The night of the first low, I was “good” and treated with glucose tablets.
The night of the second low, I shamelessly treated with a leftover Halloween candy blondie (okay, two of them) that I had made earlier that day.
The night of the third low, I was exhausted. And feeling nothing other than a desire to sleep, I treated with both glucose tablets AND sour patch kids, because my body decided it needed that many carbs in order for my blood sugar to level out for the rest of the night.
By that third night, I was so dang tired. I’d had to go downstairs to get the sour patch kids, and by the time I was done eating them, I couldn’t fathom walking all the way back up the stairs to get into my big, comfy bed. So I just crumbled onto the couch, pulling a blanket over me, and snoozed there for a bit. I probably could’ve curled up into a ball on my carpet and slept just as soundly, even if only for awhile, because I was so spent from being woken up in the middle of the night for the third evening in a row to treat a low blood sugar.
I hate having my sleep – which seems harder and harder for me to get enough of as I get older – interrupted by something as stupid as a low blood sugar.
I hate having to eat in the middle of the night and ruining the minty taste leftover from my brushed teeth prior to bedtime.
I hate that sometimes, the low is bad enough that I get woken up one or two or even three more times in the same night because I’ve got no choice but to consume more carbs.
It seems fitting to write about this – how disruptive my diabetes has been to my sleep over the course of three nights, let alone my entire life with diabetes – during National Diabetes Awareness Month. Because I don’t think the rest of the world really understands that diabetes truly does not have an “off” switch. People who live with diabetes don’t have the luxury of sleeping peacefully without having a single worry about diabetes: It can and will disturb the soundest of sleeps, and it’s frustrating, inconvenient, and annoying every time it does.
My blog post earlier this week probably made it very clear to you that I work for a nonprofit called the College Diabetes Network – but in case you didn’t know, now you know.
In my position with the organization, I semi-regularly interact with current college students living with type 1 diabetes. This causes me to reflect every now and then on my college experience and what I would change, knowing what I know now, about how I managed my diabetes when I was in college. I came up with 3 things that I wish I’d known then that would’ve likely made life on campus a lot easier for me – and it seems very appropriate to share these things this week, which is College Diabetes Week. Here’s what I wish I knew…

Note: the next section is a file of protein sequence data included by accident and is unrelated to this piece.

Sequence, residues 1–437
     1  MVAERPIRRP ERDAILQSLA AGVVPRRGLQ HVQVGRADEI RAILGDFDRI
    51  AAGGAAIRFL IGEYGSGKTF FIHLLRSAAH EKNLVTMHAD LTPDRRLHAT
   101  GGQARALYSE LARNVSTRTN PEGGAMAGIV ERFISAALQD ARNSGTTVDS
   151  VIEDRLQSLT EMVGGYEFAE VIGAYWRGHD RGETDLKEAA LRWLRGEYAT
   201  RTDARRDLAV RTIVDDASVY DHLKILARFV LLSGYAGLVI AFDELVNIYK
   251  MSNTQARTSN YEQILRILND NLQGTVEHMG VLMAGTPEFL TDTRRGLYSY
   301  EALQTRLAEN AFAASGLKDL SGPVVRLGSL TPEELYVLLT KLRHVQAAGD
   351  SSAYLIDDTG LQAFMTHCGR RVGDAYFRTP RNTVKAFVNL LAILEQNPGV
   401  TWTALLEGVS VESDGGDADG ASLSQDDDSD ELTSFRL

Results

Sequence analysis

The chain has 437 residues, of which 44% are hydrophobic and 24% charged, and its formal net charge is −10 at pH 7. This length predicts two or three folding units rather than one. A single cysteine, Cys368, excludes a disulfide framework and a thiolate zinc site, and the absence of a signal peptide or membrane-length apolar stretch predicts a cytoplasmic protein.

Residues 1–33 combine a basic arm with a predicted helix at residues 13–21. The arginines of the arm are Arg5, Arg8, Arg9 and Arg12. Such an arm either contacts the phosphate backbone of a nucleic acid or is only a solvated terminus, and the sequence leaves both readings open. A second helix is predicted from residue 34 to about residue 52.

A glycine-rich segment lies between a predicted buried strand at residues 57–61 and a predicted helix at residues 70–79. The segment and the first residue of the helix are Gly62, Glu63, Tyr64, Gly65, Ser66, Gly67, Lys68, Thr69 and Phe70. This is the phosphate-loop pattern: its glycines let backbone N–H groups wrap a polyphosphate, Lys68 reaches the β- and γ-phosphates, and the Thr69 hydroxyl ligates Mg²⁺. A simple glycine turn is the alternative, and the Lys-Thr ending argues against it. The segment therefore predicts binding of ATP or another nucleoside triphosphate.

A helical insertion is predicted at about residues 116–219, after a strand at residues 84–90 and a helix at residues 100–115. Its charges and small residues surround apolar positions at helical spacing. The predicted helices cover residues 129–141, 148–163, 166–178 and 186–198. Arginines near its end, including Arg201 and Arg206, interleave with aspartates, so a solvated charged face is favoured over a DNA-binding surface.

I wish I knew then that an insulin pump would greatly benefit me. Hands down, this is the biggest diabetes regret that I have when I think about my time at college. I can’t tell you how many times it was inconvenient for me to whip out my insulin pen in the middle of the dining hall and inject before every meal. My rationale at the time was that there were already too many changes happening in my life (because as we all know, the transition from high school to college is huge), and that I didn’t want to toss learning a new piece of diabetes technology into the mix. Plus, I was stubborn – I figured that my then-current MDI regimen was doing a good enough job for me and my diabetes. If I’d only known that a pump would’ve allowed me so much more freedom…
I wish I knew then that I should’ve asked my parents sooner to let me take over ordering diabetes supplies. All throughout college – and admittedly, for a few years post-graduation – my mom took care of reordering my diabetes supplies for me. She’d keep track of how much insulin I had left in the fridge, and my main responsibility was to let her know when I was running low on test strips or CGM sensors. I really wish I’d asked her (before I turned 26) to let me order supplies on my own, or at least walk me through the process so I had a better familiarity with it by the time I aged off my parents’ insurance plan. I had to learn a lot, and very quickly, when age 26 came around, and I could’ve avoided the steep learning curve if I’d been more proactive about it at a younger age.